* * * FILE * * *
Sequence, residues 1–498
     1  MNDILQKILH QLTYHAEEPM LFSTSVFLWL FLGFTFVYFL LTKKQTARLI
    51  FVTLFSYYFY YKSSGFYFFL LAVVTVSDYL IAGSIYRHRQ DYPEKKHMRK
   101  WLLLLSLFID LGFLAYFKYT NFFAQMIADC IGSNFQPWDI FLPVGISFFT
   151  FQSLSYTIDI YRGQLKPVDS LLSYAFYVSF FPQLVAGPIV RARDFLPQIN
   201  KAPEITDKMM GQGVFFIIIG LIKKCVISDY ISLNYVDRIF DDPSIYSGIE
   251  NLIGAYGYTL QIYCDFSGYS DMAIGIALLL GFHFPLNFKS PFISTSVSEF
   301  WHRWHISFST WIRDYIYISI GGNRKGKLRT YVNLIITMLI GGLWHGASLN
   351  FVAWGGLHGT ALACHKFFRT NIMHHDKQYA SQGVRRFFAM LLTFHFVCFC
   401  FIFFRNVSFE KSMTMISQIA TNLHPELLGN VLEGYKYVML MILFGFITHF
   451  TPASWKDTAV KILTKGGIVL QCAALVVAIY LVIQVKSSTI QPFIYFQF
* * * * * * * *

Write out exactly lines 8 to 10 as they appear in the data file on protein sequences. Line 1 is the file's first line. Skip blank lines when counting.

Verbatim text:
   301  WHRWHISFST WIRDYIYISI GGNRKGKLRT YVNLIITMLI GGLWHGASLN
   351  FVAWGGLHGT ALACHKFFRT NIMHHDKQYA SQGVRRFFAM LLTFHFVCFC
   401  FIFFRNVSFE KSMTMISQIA TNLHPELLGN VLEGYKYVML MILFGFITHF